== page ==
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2012 NCAA Lacrosse Tournament: These 63 Gentlemen Hate Goalies

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Alright, boys and girls. You've now had hours and hours to stare at your NCAA Tournament bracket, carefully making selections that are sure to disintegrate into a vast nothingness of pain by mid-afternoon on Saturday. The question now is, who's going to be responsible for crushing your universe?

That isn't an easy question to answer. To do so would take years and cost millions of lives. (Estimated.) Instead, let's highlight the tactical nuclear weapons that are capable of shredding any missile defense system because explosive firepower is always the vogue.

Rather than use simple points per game rankings (which are for the Proletariat and lack a sense of context), players listed in the table below are illustrated through "Total Offensive Value." Total Offensive Value is, basically, a player's points per 100 offensive possessions adjusted for defenses faced. There's some noise in the value (it admittedly isn't perfect) and there are some nifty alternatives to Total Offensive Value (although this is still a tempo-included metric, which lacks the context of possession-based metrics), but for the purpose of this piece -- to make you look like a genius at your first round watching party, you stud -- Total Offensive Value does a pretty bang-up job.

The table below utilizes the NCAA's requirement of a player needing to participate in at least 75 percent of his school's games and hit the baseline production mark. Of the 200 players considered through games played this past weekend, 63 will be featured in the first round of the postseason on a lacrosse field somewhere on the planet. In fact, 11 out of the top-25 players ranked in Total Offensive Value will embarrass netminders at some point on Saturday or Sunday. Some quick thoughts on the player pool follow after the jump:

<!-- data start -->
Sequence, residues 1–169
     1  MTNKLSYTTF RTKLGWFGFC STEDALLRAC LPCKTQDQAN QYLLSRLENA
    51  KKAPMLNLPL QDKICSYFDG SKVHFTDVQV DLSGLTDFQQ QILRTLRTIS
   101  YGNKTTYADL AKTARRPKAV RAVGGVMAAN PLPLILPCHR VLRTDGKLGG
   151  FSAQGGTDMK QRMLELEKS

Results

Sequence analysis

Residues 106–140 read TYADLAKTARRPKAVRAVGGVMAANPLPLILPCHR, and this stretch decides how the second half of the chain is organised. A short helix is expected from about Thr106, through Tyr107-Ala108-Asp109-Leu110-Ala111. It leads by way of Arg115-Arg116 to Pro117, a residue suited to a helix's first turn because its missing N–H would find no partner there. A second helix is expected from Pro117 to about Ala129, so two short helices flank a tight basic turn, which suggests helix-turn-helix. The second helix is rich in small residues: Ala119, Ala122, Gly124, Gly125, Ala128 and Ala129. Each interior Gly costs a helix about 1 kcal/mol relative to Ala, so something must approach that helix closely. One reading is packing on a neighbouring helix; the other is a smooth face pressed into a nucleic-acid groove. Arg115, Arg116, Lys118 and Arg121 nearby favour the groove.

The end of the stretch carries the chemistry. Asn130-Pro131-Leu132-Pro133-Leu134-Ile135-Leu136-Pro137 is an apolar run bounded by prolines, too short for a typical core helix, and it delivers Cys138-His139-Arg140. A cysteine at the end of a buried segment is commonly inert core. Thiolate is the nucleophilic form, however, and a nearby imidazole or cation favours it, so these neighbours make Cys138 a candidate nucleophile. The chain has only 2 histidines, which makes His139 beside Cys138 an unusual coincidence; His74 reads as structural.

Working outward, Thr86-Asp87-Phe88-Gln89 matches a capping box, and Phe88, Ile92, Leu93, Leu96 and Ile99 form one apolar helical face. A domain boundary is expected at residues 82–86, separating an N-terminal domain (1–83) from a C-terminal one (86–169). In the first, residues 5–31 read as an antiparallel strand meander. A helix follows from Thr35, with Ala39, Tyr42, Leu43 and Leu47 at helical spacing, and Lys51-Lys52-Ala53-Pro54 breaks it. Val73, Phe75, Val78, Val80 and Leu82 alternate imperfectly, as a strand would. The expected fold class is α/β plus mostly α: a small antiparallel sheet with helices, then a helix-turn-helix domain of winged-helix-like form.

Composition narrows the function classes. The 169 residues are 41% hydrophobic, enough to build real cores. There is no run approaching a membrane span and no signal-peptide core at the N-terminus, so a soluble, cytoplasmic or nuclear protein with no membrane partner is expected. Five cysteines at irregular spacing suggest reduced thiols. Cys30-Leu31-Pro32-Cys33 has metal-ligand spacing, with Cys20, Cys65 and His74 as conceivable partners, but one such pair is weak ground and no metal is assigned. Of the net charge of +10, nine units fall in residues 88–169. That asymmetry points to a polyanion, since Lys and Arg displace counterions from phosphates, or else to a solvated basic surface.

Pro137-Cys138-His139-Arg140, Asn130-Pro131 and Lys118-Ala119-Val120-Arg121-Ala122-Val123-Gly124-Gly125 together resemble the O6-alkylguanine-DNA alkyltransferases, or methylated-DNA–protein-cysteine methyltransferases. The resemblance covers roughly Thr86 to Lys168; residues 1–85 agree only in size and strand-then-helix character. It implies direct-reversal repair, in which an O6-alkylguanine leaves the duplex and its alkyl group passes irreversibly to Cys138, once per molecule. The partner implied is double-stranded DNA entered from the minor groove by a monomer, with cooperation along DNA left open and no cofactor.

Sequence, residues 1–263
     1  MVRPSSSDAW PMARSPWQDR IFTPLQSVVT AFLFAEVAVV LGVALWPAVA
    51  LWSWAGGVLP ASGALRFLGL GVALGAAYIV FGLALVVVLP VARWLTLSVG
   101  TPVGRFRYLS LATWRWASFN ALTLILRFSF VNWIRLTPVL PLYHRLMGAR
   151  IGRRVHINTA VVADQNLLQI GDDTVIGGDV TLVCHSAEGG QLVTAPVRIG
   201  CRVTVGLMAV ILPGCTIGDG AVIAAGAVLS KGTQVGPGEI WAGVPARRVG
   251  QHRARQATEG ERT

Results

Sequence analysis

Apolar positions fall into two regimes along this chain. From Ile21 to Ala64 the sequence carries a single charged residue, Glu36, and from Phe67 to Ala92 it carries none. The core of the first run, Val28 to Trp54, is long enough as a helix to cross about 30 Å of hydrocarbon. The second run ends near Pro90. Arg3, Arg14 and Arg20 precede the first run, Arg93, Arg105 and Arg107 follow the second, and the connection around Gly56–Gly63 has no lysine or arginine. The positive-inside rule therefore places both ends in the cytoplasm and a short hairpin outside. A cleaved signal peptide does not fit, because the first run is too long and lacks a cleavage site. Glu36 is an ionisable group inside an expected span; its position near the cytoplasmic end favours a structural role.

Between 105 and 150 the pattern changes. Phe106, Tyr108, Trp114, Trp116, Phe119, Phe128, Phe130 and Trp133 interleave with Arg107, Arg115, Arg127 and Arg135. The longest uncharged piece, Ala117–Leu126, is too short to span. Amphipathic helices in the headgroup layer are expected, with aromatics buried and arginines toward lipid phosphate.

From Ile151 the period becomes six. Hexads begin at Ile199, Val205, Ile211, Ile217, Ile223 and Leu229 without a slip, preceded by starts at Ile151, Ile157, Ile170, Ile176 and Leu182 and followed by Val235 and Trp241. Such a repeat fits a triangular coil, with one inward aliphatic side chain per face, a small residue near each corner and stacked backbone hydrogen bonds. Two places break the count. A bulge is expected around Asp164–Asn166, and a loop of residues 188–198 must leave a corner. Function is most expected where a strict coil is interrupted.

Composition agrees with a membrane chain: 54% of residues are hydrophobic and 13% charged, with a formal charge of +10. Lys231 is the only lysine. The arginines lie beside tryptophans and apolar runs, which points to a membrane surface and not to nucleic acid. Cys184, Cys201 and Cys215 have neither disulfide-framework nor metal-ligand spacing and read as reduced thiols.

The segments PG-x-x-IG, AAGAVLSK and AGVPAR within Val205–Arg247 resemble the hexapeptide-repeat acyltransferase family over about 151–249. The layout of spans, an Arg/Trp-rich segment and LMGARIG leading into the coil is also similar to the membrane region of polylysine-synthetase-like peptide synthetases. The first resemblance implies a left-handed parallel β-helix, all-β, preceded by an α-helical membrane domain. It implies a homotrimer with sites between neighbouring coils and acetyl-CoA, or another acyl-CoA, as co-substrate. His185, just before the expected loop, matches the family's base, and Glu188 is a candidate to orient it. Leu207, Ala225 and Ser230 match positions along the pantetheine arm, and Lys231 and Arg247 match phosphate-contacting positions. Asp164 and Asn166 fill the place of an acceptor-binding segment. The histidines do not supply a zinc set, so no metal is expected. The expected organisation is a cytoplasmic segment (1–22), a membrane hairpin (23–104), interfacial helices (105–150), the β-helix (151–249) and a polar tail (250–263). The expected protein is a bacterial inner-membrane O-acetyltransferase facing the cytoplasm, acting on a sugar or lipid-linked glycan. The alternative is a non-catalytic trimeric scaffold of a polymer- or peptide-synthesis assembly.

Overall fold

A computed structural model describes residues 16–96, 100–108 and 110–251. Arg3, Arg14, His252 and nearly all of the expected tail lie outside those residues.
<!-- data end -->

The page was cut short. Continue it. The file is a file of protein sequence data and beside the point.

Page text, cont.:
Denver M. Matthews 12.1834 10 Canisius S. Giourmetakis 10.6005 21
Denver A. Demopoulos 9.3551 44 Canisius J. Haney 8.1196 71
Denver E. Law 8.7024 57 Canisius T. Gibbons 7.6685 84
Denver J. Noble 6.9619 113 Canisius T. Edwards 6.9918 111
Denver W. Berg 6.0917 150
Colgate P. Baum 15.7711 1
Massachusetts W. Manny 15.6431 2 Colgate R. Walsh 9.1574 50
Massachusetts A. Kell 10.4288 22 Colgate J. Ledwick 7.4616 90
Massachusetts K. Smith 10.4288 22 Colgate B. McCann 5.2570 188
Massachusetts C. Fleming 6.4658 135
Massachusetts A. Biscardi 5.6315 176 Duke J. Wolf 10.8061 18
Duke C. Walsh 7.7728 82
Princeton T. Schreiber 11.5131 13 Duke R. Rotanz 7.0145 110
Princeton J. Froccaro 7.6069 88 Duke J. Dionne 6.8249 118
Princeton A. Capretta 6.9901 112
Princeton M. MacDonald 6.1677 148 Johns Hopkins Z. Palmer 9.6433 36
Princeton T. Shanely 5.3454 184 Johns Hopkins B. Benn 6.2891 143
Johns Hopkins W. Stanwick 4.4024 199
Syracuse T. Palasek 9.2774 46
Syracuse D. Maltz 6.5488 132 Lehigh D. DiMaria 8.8503 54
Syracuse T. Desko 5.6392 174 Lehigh D. Fantoni 8.2469 67
Syracuse J. Marasco 5.6392 174
Syracuse B. Eilers 5.2754 187 Loyola M. Sawyer 10.0695 29
Loyola E. Lusby 9.1371 51
Virginia S. Stanwick 14.9825 3 Loyola J. Ward 6.7130 121
Virginia C. Bocklet 8.4408 64 Loyola D. Butts 5.4077 181
Virginia C. Briggs 6.7527 120
Virginia R. Emery 5.6976 171 Maryland J. Cummings 9.7398 33
Virginia M. White 5.6976 171 Maryland O. Blye 7.3642 95
Maryland J. Haus 6.8891 115
Yale M. Gibson 10.6950 20
Yale D. Dempster 6.6844 124 North Carolina M. Holman 11.6297 12
Yale B. Mangan 6.6844 124 North Carolina J. Sankey 7.2245 98
Yale G. Mahony 5.3475 183 North Carolina J. Bitter 6.8721 116
Yale C. Oberbeck 4.9655 192
Stony Brook M. Rooney 9.2173 49
Notre Dame J. Marlatt 6.2222 146 Stony Brook J. Tundo 8.6028 59
Notre Dame S. Rogers 6.2222 146 Stony Brook R. Campbell 7.7835 81
Stony Brook R. Bonanno 6.5545 131
  • Denver, Massachusetts, Princeton, Syracuse, Virginia, and Yale lead the way with at least five players within the eligibility markers. There won't be a game in the first round that will feature as many highly-ranked players in Total Offensive Value as Princeton-Virginia. Godspeed on Sunday, Rob Fortunato and Tyler Fiorito.
  • The game with the fewest number of players ranked in the top-200 of Total Offensive Value? Maryland-Lehigh with only five. No other game features fewer than seven. That doesn't mean that the Terrapins and Mountain Hawks are offensively impotent -- far from it, actually -- it's just that they aren't rolling with as many individually destructive improvised explosive devices.
  • If you want to average out each team's included players, Massachusetts comes out with the highest averaged Total Offensive Value at 9.7196 with the following teams falling in behind -- Colgate (9.4118); Denver (8.6589); North Carolina (8.5754); Lehigh (8.5486); Canisius (8.3451); Virginia (8.3142); Duke (8.1046); Stony Brook (8.0395); Maryland (7.9977); Loyola (7.8318); Princeton (7.5246); Yale (6.8754); Johns Hopkins (6.7783); Syracuse (6.4760); and Notre Dame (6.2222). Take that for what it's worth. (Likely very little.)
  • Again, because it bears repeating until it becomes canonical scripture: Peter Baum and Will Manny on the same field at the same time. My pants are officially crapped.